In the mid-1990s Myanmar was a dark spot on an otherwise increasingly bright outlook for liberal democratic change in mainland Southeast Asia, in particular in Thailand and Cambodia. Today things appear very different. While an elite pact in Myanmar has brought with it genuine change for the better, it also has kept the country's army in a position of strength. Thailand seems caught in an interminable cycle of military interventions. And Cambodia is under a de facto one-party, if not one-man, dictatorship.
What happened to the promise of liberal democracy in mainland Southeast Asia that the 1990s held? Was it ephemeral, or imagined? And what can be done to restore that promise? On 8 and 9 April in Canberra, this international conference will address these questions through dialogue between scholars and experts working on and in Myanmar, Thailand and Cambodia, with particular attention to themes of agency, repression, security, activism, and sovereignty. These are familiar topics and questions for students of Southeast Asia, but rarely are they discussed across these three countries at once. The conference will present a unique opportunity to do so, by bringing academics and policymakers into conversation about points of similarity and difference across the three. In doing so, it will examine how and why illiberalism remains inherent to political order in mainland Southeast Asia, and what might be done about it.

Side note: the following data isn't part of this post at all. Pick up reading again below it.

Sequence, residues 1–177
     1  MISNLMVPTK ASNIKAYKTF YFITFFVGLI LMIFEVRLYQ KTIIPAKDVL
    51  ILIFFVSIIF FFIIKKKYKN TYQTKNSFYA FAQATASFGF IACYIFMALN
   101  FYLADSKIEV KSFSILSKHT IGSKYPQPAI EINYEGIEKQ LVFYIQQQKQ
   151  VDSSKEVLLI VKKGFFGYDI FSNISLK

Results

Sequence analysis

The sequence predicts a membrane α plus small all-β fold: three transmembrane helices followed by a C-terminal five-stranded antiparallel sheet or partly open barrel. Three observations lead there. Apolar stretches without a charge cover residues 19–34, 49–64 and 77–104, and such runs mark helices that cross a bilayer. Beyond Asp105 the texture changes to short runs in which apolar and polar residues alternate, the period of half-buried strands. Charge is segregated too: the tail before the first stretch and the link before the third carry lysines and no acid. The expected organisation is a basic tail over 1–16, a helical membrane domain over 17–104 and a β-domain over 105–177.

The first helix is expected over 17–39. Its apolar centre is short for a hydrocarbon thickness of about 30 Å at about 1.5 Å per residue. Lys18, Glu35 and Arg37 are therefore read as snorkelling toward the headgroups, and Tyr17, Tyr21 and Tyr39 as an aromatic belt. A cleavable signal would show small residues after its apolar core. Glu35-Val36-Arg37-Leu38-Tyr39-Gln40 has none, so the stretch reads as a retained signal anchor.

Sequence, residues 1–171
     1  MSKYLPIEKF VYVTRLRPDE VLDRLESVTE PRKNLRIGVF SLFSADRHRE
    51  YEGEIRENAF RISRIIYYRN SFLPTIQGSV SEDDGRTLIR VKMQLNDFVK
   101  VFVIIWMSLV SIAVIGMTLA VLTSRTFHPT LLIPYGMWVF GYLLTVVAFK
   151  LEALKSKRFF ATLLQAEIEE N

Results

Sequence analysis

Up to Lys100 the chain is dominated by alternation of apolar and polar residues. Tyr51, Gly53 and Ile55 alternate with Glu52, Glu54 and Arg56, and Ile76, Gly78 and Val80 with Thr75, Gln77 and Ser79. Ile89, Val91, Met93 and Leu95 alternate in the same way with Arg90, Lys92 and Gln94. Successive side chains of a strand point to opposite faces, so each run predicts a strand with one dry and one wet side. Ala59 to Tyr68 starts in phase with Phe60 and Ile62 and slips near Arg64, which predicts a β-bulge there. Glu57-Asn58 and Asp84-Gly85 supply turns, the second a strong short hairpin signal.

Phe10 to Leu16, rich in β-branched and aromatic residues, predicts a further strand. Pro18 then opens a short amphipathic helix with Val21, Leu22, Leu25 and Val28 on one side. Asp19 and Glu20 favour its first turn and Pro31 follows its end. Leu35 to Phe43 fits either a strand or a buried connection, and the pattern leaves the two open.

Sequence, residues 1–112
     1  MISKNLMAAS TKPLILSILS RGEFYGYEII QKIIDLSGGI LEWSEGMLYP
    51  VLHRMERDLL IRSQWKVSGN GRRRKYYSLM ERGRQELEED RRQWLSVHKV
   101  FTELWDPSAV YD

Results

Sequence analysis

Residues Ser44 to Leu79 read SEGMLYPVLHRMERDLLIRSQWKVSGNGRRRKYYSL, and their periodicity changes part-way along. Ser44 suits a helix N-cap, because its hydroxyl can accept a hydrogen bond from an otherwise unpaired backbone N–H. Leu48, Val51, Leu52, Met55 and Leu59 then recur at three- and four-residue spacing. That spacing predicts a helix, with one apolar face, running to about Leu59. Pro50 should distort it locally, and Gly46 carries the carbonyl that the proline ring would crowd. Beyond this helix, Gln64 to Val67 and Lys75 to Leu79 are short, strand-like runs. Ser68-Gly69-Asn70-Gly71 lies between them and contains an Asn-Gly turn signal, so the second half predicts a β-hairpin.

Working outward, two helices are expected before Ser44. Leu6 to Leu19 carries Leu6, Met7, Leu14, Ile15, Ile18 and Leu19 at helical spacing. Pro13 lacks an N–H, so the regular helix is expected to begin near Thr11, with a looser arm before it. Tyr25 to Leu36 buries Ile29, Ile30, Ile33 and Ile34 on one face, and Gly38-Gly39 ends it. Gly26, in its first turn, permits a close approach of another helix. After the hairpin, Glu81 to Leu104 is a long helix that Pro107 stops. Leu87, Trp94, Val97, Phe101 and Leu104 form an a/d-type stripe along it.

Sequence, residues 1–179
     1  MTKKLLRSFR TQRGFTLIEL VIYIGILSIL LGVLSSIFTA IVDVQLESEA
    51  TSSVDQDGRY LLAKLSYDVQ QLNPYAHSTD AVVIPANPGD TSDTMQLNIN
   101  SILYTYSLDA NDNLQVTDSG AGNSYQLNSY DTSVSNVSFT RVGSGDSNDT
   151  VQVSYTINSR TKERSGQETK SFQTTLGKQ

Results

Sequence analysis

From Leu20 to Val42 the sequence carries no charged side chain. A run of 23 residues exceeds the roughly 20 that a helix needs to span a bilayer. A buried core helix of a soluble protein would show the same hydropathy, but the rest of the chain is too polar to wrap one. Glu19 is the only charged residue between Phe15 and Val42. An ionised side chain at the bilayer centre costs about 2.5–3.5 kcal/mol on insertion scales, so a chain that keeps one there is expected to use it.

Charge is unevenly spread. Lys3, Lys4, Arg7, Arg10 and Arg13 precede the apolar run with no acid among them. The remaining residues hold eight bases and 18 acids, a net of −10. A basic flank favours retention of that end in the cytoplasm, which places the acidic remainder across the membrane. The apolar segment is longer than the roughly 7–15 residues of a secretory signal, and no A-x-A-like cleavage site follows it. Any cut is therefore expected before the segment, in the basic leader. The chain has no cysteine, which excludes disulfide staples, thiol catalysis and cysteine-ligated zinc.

New Mandala will also be featuring interviews with speakers, videos of sessions, and blog posts in the days and weeks following the conference. Keep an eye out for content addressing the role of Buddhism in illiberal politics, the implications of the 2019 Thai elections, the role of civil society as a potentially regressive force, and the prospects for liberal democracy in Mainland Southeast Asia.